The Jones household suffered a reminder this week that Covid is not the only viral illness! As people mingle more, and take fewer precautions, the normal sharing of coughs and colds will resume, and against a backdrop of reduced immunity due to a year and a half of anti-Covid precautions.
This is not a prelude to an encouragement to you all to continue to take care over the coming weeks and months, although I hope you will. Continued vigilance against viral transmission is, of course, important, but for me, the deeper lesson has been a renewed awareness of the truth of General Eisenhower’s famous axiom that while planning is essential, plans are useless.
We never know, in other words, what is going to happen, and we are always vulnerable to the slings and arrows of outrageous fortune. Luck, as Hamlet would surely have agreed, will do for us all.
This is not an obviously Christian sentiment. The fatalism of ‘que sera sera’ does not derive from the Bible or from the teachings of Our Lord, but there are some interesting parallels. ‘Sufficient unto the day is the evil thereof’ is how the Authorised Version reports some words of Jesus. Elsewhere Jesus warns against the folly of those who believe falsely that their wealth and success in this world offers a substitute for the eternal security that only God can provide.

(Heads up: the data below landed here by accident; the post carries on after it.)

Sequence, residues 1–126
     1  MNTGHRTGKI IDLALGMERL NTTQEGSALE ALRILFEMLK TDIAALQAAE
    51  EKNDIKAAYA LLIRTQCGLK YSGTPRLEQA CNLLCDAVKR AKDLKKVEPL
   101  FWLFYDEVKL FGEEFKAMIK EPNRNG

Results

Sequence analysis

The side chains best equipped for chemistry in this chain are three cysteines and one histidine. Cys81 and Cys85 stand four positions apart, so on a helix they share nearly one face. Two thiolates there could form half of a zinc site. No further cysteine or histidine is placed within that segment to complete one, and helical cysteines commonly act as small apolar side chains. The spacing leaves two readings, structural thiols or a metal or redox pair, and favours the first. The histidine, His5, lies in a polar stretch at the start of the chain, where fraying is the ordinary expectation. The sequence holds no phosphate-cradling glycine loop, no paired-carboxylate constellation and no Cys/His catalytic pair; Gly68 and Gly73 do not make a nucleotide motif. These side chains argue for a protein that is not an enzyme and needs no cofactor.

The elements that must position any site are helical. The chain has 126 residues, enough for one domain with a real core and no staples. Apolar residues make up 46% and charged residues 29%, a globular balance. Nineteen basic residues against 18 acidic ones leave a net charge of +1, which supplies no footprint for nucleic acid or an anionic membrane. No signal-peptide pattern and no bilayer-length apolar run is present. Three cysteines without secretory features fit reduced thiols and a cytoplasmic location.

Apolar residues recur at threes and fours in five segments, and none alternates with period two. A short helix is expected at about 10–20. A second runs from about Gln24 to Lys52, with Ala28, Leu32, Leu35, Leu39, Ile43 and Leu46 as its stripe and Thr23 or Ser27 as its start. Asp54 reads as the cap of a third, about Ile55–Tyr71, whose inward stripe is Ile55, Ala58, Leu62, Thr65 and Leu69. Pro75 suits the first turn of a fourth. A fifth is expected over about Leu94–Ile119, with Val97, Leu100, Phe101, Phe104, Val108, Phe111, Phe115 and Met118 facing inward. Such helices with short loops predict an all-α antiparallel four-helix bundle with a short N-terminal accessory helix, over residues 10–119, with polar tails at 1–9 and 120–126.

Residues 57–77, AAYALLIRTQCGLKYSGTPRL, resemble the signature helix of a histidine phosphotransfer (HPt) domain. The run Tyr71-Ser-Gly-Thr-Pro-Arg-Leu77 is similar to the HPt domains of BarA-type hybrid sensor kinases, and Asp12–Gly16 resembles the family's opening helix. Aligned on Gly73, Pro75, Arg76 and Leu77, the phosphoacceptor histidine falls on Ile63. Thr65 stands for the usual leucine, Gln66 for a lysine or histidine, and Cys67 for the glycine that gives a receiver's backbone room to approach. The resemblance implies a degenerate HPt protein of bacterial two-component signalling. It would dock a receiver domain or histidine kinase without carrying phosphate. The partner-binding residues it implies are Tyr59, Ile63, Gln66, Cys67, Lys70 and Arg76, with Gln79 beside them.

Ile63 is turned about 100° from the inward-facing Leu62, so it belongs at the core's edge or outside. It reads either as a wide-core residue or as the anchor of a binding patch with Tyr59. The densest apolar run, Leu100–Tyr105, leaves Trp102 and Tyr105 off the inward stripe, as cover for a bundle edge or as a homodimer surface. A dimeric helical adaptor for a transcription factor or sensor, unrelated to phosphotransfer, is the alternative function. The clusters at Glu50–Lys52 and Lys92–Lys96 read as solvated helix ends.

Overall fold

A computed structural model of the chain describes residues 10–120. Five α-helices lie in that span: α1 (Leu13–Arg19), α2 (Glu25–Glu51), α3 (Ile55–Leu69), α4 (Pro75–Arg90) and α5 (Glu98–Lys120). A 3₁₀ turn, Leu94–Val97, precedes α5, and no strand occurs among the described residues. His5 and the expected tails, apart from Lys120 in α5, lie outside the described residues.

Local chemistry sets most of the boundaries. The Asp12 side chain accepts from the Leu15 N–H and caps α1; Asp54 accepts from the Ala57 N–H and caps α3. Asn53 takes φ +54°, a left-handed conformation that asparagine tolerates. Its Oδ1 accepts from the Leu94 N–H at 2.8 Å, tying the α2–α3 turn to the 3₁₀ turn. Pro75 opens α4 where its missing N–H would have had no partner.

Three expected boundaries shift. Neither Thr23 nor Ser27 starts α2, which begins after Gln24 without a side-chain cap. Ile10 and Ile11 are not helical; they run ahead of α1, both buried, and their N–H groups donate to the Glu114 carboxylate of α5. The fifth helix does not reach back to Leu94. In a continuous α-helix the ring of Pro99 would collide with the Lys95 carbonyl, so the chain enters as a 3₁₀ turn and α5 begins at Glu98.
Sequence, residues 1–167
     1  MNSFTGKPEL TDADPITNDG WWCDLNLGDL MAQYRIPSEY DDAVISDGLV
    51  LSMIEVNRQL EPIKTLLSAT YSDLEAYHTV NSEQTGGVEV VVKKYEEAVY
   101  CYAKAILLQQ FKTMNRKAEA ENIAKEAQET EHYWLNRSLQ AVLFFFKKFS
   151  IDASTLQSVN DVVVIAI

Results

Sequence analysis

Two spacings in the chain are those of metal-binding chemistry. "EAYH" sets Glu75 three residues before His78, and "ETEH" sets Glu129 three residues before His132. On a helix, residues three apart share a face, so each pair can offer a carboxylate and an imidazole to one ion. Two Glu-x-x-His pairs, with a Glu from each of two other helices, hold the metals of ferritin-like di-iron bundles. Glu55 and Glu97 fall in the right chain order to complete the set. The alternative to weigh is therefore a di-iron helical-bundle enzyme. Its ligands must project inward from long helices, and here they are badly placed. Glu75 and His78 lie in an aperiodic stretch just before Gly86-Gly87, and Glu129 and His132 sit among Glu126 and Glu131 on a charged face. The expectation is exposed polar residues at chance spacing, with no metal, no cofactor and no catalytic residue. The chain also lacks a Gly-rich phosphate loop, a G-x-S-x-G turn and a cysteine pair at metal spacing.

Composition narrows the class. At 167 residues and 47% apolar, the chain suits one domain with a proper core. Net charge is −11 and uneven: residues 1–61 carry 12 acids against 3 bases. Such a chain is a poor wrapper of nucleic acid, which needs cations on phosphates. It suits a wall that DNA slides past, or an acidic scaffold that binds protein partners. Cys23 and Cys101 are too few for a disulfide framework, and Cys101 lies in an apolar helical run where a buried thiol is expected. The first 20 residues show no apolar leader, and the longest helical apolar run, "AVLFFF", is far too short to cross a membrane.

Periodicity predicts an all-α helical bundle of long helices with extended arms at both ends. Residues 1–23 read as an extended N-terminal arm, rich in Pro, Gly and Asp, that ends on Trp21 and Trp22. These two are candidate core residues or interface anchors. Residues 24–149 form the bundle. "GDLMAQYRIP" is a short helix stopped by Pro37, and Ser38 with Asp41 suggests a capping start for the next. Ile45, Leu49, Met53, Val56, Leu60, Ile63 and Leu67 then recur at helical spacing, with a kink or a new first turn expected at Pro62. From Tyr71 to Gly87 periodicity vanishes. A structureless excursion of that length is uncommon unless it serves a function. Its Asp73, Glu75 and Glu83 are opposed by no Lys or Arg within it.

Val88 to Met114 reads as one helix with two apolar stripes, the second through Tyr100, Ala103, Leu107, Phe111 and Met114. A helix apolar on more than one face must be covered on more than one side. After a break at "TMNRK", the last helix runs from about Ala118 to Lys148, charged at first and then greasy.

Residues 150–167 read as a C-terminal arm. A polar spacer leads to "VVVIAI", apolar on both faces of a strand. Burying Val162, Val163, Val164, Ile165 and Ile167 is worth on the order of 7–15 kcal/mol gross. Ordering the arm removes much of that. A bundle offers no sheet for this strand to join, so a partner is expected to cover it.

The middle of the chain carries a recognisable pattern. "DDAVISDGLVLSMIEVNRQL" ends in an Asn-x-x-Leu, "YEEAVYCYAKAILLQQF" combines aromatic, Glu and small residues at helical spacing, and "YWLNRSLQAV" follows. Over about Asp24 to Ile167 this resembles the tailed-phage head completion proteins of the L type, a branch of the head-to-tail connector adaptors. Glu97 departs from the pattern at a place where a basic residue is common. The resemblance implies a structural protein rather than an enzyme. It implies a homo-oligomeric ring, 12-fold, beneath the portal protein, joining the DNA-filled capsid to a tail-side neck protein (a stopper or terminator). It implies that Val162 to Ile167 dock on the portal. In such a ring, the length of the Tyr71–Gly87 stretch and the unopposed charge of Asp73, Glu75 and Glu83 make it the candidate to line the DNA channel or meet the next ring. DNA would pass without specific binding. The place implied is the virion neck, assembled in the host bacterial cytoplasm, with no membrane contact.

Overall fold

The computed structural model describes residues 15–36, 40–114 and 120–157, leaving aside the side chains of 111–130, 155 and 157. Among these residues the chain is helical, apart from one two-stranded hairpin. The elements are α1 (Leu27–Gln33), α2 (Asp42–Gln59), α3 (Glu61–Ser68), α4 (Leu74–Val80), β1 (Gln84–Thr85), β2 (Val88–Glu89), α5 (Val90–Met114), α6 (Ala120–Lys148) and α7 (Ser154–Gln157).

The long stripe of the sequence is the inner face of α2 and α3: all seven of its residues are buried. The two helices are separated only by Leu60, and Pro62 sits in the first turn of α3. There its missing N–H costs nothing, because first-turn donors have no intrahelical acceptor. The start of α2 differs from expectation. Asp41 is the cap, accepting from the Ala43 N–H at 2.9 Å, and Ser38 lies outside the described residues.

The broader context of these teachings is that we are to trust God on a moment by moment basis. We worship a God of surprises whose plans outrank our own. Too often, we approach our faith as an exercise in enlisting God’s help and support for what we want to happen, forgetting that our real business as Christians is to commit ourselves to what God wants to happen.
That doesn’t mean that all planning is a waste of time, but it does mean that we should be careful not to invest more of ourselves in our plans than we do in our God. The Bible teaches us to pray continually. Not just when we’re on the rota, not just on Sundays, not just when we’re in church, not just when we are preparing to go to sleep, or when we are in trouble, but continually, without ceasing.
This kind of dependence on God’s presence, God’s guidance and God’s help is the real discipline of the Christian way of life. It takes practice and most of us will spend a lifetime getting slightly less bad at it. That doesn’t matter. What matters is the realisation that we are not called to make amazing things happen for God. We are called to be the people in whom God does amazing things.
May God bless you all,